I came across an article this weekend about technology that allows entertainment producers to go back and insert new ads into their content years after the original work was produced. The example in the story comes from “How I Met Your Mother.” Syndicated episodes now show updated ads in the background rather than ads that ran at the time that the original episode aired. For instance, recent reruns showed ads for that Cameron Diaz movie “Bad Teacher” in lieu of whatever movie was being advertised back when the episode was first created. SeamBI, which makes the technology, also has experimented with adding entirely new items to old episodes, such as placing a TV in a spot where there used to be empty space.
Personally I find this technology rather exciting. It keeps syndicated episodes fresh by erasing some of the evidence that the episode wasn’t new to begin with. The potential is also huge for advertisers to buy into “retroactive” advertising (though the advertiser who originally bought the space might be slightly perturbed to lose it). Since viewers often tune out commercials, advertisers can now catch their eyes during the actual episode. Syndication is already great for networks, since they can expect steady viewership and ad revenue from a product that is basically old (ROI, baby). And now the networks can get even more revenue by providing more opportunities for those coveted ad dollars. So overall I say bravo, SeamBI, way to figure out how to milk the system for more dinero.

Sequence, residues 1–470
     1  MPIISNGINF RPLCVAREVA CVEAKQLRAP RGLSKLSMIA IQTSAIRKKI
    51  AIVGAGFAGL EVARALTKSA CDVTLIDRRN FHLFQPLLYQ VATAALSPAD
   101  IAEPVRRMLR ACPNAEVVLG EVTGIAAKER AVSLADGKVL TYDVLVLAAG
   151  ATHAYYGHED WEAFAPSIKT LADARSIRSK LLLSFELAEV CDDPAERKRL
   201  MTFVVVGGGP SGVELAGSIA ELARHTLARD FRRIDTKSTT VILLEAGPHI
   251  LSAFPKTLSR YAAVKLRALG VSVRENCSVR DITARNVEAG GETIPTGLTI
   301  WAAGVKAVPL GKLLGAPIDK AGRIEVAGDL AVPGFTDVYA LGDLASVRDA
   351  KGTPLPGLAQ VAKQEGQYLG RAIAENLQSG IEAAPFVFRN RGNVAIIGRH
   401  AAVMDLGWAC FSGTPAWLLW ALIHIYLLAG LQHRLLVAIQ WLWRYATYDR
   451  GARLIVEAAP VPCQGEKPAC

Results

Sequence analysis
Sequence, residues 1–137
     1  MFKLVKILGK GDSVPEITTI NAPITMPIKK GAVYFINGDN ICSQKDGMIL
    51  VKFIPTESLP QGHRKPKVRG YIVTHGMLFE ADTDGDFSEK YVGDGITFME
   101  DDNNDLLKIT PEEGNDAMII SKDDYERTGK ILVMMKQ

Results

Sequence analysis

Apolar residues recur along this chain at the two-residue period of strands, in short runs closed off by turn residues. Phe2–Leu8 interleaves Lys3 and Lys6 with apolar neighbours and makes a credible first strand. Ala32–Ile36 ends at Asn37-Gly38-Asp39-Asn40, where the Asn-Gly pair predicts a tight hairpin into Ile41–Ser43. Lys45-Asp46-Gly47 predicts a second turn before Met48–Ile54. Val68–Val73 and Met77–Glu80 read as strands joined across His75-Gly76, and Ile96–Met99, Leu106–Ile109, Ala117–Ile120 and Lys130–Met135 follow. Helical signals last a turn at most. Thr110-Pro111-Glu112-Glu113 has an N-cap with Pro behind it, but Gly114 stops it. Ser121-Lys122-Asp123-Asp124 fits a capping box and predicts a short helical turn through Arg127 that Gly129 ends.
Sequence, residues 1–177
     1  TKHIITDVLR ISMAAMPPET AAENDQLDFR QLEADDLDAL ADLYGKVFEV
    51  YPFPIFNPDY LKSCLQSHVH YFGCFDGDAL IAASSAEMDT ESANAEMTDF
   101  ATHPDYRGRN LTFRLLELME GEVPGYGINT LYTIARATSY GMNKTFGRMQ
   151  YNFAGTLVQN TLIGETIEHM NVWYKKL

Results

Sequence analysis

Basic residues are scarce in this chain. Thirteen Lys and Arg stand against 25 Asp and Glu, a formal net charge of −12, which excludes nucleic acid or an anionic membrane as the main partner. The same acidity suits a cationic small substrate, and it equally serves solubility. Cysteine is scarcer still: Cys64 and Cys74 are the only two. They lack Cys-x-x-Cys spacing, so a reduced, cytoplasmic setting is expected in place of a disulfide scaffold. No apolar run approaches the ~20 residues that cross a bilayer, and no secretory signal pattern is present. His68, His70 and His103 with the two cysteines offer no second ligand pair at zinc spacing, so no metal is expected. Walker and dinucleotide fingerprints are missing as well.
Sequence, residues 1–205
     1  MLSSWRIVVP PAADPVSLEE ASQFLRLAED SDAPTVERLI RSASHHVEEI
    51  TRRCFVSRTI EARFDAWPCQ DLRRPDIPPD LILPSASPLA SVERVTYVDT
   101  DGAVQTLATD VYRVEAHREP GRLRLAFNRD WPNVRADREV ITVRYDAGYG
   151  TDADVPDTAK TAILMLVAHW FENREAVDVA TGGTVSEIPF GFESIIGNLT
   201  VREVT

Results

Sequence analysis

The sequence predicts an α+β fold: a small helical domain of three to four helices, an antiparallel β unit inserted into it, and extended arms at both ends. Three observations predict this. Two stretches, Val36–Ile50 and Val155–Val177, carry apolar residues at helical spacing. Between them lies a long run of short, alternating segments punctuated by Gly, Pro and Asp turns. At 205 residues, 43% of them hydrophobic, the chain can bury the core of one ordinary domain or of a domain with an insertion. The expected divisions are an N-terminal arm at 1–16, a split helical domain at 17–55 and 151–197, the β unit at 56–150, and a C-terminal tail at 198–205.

Yet, it does make me wonder somewhat about the value of preserving pop culture as it was initially created. Unless you happen to be Weird Al Yankovich, you probably don’t rewrite lyrics to classic songs so that the tunes are more, well, in tune with the times. I don’t go to art galleries and paint over horses in the background on a farm to replace them with tractors. And we certainly don’t take our dear Grandma’s childhood photographs and change the posters in the background to advertise Snickers instead of the local brand of peanut chew. So I am curious to see if people do protest this method of altering cultural capital, as the article listed below suggests they might. TV may not come to everyone’s mind as a serious cultural output, but it does play a pretty big role in our society. What’s on TV reflects quite a bit on communities’ values and what is considered important.
It also makes me wonder if script rewrites are to follow. Switching around what is shown on the show could create a mismatch between what is said in the dialogue and what viewers see on the screen- they might be standing in front of a “Bad Teacher” poster, but the “culturally relevant” jokes will still be old news. What if someday you turn on an old “Seinfeld” episode and the voices have been dubbed over so the gang can joke about a man who is particular about selling his cupcakes, rather than particular about selling his soup? Food for thought.
Article about SeamBI here, originally accessed through Adweek: http://insidetv.ew.com/2011/07/07/how-i-met-your-mother-reruns-bad-teacher-zookeeper/